He said when he is performing live, he can hold pauses for longer and gauge when to say the funny lines. “I’ve always loved that feeling,” McKay said.

McKay said his background is mostly in film, although he did participate in some musicals in high school. “The past three years I’ve been living in L.A. doing music and acting there.”

He said he has worked on music videos with celebrities such as Ariana Grande and Demi Lovato, was involved in "Ford vs. Ferrari," Nickelodeon and has worked on commercials. He recently played the lead role in a film coming out later this year, called, “Texas Teenage Girl.”

He said because of the pandemic, his agency in Los Angeles shut down, so he recently signed with one on the island.

Being a director

The second skit invited the audience into a crime scene where the maid of honor is found dead at a bachelorette party. By the end of the play, the murderer is revealed. Another bridesmaid murdered her out of jealousy because she wanted to be the maid of honor.

Emma Ward, a freshman from Utah studying business management human resources, said when her group was trying to write the story, all they knew was they wanted to do a comedy. At first, they were speculating about doing a romantic comedy, but when one group member mentioned a murder mystery, they were all on board.

They all liked the idea of drawing inspiration from media such as “Knives Out,” “Psych,” and “Murder on the Orient Express.” She said they decided who was going to be murdered first and then wrote the storyline surrounding that.

Writing the script was the hardest part, she explained, because their group all had different ideas and didn’t really know each other. “The hardest part is getting all of the different ideas together and organizing them into a rising action, climax, falling action and resolution and then figure out what happens in between.”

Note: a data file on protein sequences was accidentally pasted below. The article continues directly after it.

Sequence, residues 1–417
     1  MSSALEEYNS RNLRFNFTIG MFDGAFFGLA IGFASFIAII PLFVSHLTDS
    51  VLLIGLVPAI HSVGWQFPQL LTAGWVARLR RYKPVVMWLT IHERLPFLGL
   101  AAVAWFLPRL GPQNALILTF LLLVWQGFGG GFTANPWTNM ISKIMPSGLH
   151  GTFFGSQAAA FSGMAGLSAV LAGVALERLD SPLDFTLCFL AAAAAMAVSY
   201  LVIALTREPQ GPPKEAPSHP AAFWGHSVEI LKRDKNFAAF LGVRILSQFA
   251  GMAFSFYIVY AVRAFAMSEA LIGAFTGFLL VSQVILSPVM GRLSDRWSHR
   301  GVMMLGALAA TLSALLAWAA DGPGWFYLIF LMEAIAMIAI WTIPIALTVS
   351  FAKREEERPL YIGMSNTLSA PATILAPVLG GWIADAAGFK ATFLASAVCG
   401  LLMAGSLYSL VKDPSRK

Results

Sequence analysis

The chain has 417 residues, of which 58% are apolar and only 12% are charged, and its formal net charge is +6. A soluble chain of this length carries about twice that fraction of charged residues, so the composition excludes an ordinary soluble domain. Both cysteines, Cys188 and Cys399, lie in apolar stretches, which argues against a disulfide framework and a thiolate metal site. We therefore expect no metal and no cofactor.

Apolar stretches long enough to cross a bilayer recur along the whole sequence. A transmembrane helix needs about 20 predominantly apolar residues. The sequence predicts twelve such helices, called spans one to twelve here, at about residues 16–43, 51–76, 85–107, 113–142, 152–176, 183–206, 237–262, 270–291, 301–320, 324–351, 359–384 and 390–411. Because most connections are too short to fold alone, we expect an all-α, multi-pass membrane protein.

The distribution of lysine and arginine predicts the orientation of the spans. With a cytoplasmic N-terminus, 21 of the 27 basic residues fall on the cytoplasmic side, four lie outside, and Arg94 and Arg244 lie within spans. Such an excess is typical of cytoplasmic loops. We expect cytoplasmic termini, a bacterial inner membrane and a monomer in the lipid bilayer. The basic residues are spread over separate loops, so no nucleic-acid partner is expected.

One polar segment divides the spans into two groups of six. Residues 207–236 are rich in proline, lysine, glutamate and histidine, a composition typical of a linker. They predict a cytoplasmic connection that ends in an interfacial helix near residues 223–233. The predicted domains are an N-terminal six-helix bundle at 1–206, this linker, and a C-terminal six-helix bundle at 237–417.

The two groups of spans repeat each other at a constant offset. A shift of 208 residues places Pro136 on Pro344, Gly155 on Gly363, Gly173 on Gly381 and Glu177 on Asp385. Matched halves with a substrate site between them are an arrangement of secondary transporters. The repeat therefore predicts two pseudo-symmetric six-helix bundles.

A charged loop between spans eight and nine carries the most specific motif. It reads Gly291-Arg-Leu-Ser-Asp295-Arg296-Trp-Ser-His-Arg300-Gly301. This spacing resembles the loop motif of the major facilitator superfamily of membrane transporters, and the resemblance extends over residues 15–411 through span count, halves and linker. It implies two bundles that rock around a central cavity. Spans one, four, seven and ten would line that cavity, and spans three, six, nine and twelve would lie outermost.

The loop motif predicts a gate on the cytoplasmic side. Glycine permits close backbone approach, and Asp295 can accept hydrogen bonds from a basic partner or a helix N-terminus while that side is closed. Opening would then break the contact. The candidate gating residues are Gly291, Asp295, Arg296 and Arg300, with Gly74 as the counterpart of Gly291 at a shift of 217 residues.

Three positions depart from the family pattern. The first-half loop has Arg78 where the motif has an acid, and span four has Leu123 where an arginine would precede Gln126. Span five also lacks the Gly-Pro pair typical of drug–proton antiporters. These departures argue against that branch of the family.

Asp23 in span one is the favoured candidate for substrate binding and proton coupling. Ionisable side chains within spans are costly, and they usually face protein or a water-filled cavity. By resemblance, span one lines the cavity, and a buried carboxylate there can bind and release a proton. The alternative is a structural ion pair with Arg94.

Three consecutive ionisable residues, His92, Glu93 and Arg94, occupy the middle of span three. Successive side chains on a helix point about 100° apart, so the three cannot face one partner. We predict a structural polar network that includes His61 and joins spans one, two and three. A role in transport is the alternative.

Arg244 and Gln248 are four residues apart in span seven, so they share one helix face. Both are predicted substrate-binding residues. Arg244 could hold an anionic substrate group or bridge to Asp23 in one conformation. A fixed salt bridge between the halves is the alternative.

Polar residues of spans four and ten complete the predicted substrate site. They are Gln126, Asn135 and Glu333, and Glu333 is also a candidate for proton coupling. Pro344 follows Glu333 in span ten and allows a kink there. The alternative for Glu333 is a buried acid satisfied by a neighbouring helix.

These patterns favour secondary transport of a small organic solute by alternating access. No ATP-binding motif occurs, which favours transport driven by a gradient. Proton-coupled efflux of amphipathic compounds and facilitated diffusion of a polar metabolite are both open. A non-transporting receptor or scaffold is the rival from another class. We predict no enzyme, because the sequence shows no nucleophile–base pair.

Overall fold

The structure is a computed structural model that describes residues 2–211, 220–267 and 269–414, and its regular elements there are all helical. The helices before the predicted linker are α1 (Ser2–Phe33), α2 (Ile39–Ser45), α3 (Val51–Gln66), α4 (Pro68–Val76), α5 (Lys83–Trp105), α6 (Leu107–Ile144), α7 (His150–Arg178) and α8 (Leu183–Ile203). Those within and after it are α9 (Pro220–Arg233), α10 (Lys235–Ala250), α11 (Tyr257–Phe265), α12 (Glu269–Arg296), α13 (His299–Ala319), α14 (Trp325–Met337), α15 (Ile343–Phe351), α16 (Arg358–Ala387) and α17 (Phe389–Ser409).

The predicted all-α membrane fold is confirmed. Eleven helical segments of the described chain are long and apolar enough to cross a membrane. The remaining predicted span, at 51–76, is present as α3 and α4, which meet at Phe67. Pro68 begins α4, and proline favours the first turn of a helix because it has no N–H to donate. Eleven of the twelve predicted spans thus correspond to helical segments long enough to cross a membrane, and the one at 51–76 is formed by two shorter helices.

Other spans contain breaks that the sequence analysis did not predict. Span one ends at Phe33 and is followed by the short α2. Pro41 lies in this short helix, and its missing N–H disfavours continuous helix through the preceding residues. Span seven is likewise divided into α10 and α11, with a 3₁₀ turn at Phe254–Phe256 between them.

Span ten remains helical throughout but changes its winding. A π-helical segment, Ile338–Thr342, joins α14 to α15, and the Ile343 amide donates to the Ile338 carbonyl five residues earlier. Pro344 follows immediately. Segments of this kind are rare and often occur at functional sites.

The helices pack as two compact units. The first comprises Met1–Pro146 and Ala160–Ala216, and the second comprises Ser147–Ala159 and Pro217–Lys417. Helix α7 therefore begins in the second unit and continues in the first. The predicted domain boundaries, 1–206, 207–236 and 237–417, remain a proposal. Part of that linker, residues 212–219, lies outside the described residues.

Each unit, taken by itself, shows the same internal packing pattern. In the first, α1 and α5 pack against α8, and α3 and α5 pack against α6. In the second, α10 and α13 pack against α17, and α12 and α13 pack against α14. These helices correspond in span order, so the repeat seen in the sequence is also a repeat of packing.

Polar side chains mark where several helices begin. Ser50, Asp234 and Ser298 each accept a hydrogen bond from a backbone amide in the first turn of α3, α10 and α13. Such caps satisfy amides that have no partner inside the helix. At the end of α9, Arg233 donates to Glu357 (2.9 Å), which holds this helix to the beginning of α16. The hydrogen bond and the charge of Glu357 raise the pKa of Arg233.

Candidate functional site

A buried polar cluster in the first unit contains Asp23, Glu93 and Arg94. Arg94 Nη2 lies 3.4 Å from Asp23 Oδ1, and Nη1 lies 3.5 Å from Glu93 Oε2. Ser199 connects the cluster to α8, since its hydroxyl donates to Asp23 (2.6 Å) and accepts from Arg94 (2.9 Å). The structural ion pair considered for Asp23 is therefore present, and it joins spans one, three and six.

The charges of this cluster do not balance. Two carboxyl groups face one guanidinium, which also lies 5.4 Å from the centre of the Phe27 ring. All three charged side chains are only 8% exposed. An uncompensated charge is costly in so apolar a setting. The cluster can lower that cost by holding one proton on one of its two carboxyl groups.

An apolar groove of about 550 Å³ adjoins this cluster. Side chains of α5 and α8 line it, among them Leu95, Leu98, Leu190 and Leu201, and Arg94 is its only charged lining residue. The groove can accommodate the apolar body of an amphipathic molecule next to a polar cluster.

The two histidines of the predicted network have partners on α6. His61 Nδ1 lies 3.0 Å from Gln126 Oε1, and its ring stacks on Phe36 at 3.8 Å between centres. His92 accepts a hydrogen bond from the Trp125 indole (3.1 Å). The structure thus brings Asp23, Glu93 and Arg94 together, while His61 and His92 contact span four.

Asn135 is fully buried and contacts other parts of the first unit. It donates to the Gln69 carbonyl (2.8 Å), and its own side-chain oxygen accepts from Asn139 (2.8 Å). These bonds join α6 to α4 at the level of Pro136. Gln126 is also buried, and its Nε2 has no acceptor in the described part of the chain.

She said her group used a whiteboard to tackle the task so they could organize information by seeing it visually and talking through it together.

Joey Fung, a freshman from Hong Kong majoring in hospitality and tourism management, agreed coming up with and organizing the story was the hardest part. He said his group took about five hours to complete that task.

The secret was to have a lot of evenly spaced short lines, Ward explained. She said their script looked long, but when they began memorizing it and acting it out it was shorter than they thought.

“Everyone had a say in everything we did,” she said, emphasizing every group member was involved equally in the production process. For example, when they were coming up with the storyline, they made sure to ask for input from those who weren’t speaking as much.

“For the most part, my group did everything together, … It helped our flow with things. Because I’ve acted a lot in the past, I stepped up when we were blocking.” She said because of that, when they asked who the director was she stepped forward.

Ward said she started acting in high school and participated in a lot of musicals and plays. At BYUH, she is minoring in theater. Additionally, she said her family created mini videos and skits together. For example, they made a COVID-19 music video.

Ultimately, she said she enjoyed participating in the 24-hour project because it had been so long since she had been on stage because of the pandemic. “I had a lot of fun, but it was stressful. Everyone was praying backstage to help us remember our lines and cues and everything we’ve gone over in the last 24 hours.”